A red bus goes past and blocks my view of Barnes Green, which is opposite. When it pulls away again I see Meg on the far side of the road. She’s dressed in her stretch jeans and a baggy sweater, and carrying a colorful three-wheeled scooter. Lachlan must have insisted on riding to his preschool, which would have slowed her down. He will also have stopped to look at the ducks and at the exercise class and at the old people doing tai chi who move so slowly they could almost be stop-motion puppets.

Meg doesn’t appear pregnant from this angle. It’s only when she turns side-on that the bump becomes a basketball, neat and round, getting lower by the day. I heard her complaining last week about swollen ankles and a sore back. I know how she feels. My extra pounds have turned climbing stairs into a workout and my bladder is the size of a walnut.

Glancing both ways, she crosses Church Road and mouths the word “sorry” to her friends, double-kissing their cheeks and cooing at their babies. All babies are cute, people say, and I guess that’s true. I have peered into prams at Gollum-like creatures with sticky-out eyes and two strands of hair, yet always found something to love because they’re so newly minted and innocent.

ABOUT ‘THE SECRETS SHE KEEPS’: Agatha is pregnant and works part-time stocking shelves at a grocery store in a ritzy London suburb, counting down the days until her baby is due. As the hours of her shifts creep by in increasing discomfort, the one thing she looks forward to at work is catching a glimpse of Meghan, the effortlessly chic customer whose elegant lifestyle dazzles her. Meghan has it all: two perfect children, a handsome husband, a happy marriage, a stylish group of friends, and she writes perfectly droll confessional posts on her popular parenting blog—posts that Agatha reads with devotion each night as she waits for her absent boyfriend, the father of her baby, to maybe return her calls.

When Agatha learns that Meghan is pregnant again, and that their due dates fall within the same month, she finally musters up the courage to speak to her, thrilled that they now have the ordeal of childbearing in common. Little does Meghan know that the mundane exchange she has with a grocery store employee during a hurried afternoon shopping trip is about to change the course of her not-so-perfect life forever…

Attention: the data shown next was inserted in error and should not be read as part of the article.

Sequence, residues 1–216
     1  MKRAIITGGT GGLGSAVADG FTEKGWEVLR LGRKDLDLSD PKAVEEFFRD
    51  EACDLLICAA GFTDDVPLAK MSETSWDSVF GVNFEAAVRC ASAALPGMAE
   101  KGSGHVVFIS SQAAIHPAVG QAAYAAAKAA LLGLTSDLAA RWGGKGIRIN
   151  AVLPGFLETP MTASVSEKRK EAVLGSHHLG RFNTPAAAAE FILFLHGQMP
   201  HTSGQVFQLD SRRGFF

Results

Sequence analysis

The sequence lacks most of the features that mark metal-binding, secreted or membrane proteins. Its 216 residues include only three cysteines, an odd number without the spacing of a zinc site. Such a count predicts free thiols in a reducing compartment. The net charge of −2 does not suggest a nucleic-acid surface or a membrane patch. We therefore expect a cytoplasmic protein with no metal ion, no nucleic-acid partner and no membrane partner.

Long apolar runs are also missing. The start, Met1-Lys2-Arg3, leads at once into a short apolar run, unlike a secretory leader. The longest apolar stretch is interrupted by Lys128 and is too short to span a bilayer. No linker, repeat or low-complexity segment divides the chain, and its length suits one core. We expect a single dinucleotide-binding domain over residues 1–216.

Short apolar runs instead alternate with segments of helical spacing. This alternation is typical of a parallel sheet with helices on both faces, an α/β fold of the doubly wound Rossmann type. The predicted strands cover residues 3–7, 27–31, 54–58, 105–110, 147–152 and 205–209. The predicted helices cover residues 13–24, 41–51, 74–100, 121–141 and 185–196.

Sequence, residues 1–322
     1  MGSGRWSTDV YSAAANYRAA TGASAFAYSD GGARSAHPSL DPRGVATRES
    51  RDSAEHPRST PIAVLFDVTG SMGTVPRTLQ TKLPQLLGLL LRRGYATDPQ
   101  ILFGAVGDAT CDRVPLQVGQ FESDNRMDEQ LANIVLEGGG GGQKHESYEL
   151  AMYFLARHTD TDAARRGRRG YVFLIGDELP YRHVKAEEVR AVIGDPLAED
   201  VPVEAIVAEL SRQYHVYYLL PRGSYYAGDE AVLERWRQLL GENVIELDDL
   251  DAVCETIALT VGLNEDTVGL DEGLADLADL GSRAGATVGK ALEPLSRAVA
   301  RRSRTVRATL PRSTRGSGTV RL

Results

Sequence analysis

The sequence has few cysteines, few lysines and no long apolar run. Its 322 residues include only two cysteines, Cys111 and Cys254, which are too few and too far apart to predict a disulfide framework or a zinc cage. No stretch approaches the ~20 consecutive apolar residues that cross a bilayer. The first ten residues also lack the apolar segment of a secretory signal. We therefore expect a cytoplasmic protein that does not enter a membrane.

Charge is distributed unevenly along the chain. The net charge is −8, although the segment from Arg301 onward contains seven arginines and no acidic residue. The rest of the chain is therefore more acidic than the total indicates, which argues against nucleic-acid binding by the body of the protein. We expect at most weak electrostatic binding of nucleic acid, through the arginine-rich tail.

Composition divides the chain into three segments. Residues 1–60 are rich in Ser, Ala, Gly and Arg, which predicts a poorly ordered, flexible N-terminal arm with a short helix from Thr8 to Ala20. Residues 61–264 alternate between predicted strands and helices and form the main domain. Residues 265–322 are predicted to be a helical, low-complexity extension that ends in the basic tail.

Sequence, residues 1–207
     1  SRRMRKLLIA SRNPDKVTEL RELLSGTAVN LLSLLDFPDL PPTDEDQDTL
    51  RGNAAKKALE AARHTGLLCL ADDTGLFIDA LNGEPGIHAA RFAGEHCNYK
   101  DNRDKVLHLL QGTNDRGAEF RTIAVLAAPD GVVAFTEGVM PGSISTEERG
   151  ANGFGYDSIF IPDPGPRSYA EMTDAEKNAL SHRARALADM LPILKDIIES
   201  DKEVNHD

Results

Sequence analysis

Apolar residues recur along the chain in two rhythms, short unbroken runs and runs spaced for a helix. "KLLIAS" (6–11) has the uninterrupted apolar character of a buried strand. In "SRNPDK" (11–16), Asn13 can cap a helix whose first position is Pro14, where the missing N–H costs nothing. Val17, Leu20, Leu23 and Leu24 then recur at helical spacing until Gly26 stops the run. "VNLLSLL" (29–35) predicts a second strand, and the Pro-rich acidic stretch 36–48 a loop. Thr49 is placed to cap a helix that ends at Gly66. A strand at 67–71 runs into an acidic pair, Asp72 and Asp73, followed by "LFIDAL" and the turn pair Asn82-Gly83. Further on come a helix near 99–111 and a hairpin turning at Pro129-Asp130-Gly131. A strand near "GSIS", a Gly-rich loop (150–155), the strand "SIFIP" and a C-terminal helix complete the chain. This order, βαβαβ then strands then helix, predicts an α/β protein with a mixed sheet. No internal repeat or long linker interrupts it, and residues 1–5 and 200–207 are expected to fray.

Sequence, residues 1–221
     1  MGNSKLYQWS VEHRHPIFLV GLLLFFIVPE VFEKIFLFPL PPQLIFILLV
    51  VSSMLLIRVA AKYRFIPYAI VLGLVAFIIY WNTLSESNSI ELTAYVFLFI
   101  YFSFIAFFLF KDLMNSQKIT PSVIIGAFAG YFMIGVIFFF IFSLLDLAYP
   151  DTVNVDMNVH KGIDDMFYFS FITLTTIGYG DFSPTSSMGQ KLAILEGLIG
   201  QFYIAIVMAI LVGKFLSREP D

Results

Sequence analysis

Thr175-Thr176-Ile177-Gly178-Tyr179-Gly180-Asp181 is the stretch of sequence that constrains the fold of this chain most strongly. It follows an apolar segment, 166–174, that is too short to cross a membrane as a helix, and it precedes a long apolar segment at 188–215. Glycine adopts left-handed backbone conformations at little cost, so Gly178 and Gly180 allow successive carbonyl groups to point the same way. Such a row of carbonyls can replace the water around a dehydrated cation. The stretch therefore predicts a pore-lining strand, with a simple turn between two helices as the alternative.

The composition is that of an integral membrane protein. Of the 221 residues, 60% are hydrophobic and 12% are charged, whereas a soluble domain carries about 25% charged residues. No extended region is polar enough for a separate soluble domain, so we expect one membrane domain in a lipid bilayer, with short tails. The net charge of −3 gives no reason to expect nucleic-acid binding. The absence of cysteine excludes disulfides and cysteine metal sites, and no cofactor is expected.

MY THOUGHTS: This is the third book by Michael Robotham that I have read and loved. He writes women so convincingly and realistically, describing our fears and insecurities very accurately and with empathy.

The Secrets She Keeps is an emotionally charged domestic/psychological thriller that focuses on two women: Meghan with the seemingly perfect life; and Agatha who has nothing. Their paths cross and Agatha hatches a plan that will give her what she wants. The story is told from the points of view of both Agatha and Meghan, and what begins as an apparently accidental and innocent friendship soon develops into tension filled drama.

I didn’t like Agatha. She is needy, manipulative and mentally unstable, but I felt for her. Robotham has crafted magnificently believable characters. Even Jack, Meghan’s apparently devoted sportscaster husband is brilliantly depicted. The only character I couldn’t really get a handle on was Hayden, the supposed father of Agatha’s baby.

The story is peppered with surprises and skillfully placed twists and I never quite knew what was going to happen next. I am a firm fan of this author and am reading everything of his that I can get my hands on.

⭐⭐⭐⭐.4

#TheSecretsSheKeeps

I: @michaelrobotham

T: @michaelrobotham

#contemporaryfiction #crime #domesticdrama #psychologicalthriller #suspense

THE AUTHOR: Michael Robotham was born in Australia in November 1960 and grew up in small country towns that had more dogs than people and more flies than dogs. He escaped became a cadet journalist on an afternoon newspaper in Sydney.

For the next fourteen years he worked for newspapers and magazines in Australia, Europe, Africa and America. As a senior feature writer for the UK’s Mail on Sunday he was among the first people to view the letters and diaries of Czar Nicholas II and his wife Empress Alexandra, unearthed in the Moscow State Archives in 1991. He also gained access to Stalin’s Hitler files, which had been missing for nearly fifty years until a cleaner stumbled upon a cardboard box that had been misplaced and misfiled.

In 1993 he quit journalism to become a ghostwriter, collaborating with politicians, pop stars, psychologists, adventurers and showbusiness personalities to write their autobiographies.

His first novel ‘THE SUSPECT’, a psychological thriller, was chosen by the world’s largest consortium of book clubs as only the fifth “International Book of the Month”, making it the top recommendation to 28 million book club members in fifteen countries.

Since then, Michael’s psychological thrillers have been translated into twenty-five languages and his Joe O’Loughlin series is are currently in development for TV by World Productions. A six-part TV series based upon his standalone novel THE SECRETS SHE KEEPS was aired on BBC1 in 2020, and a second series begins filming in 2021.

Michael lives in Sydney with his wife and a diminishing number of dependent daughters.

DISCLOSURE: Thank you to the Waitomo District Library for providing a copy of The Secrets She Keeps for review. All opinions expressed in this review are entirely my own personal opinions.

For an explanation of my rating system please refer to my Goodreads.com profile page or the about page on sandysbookaday.wordpress.com

This review is also published on Twitter, Instagram and my webpage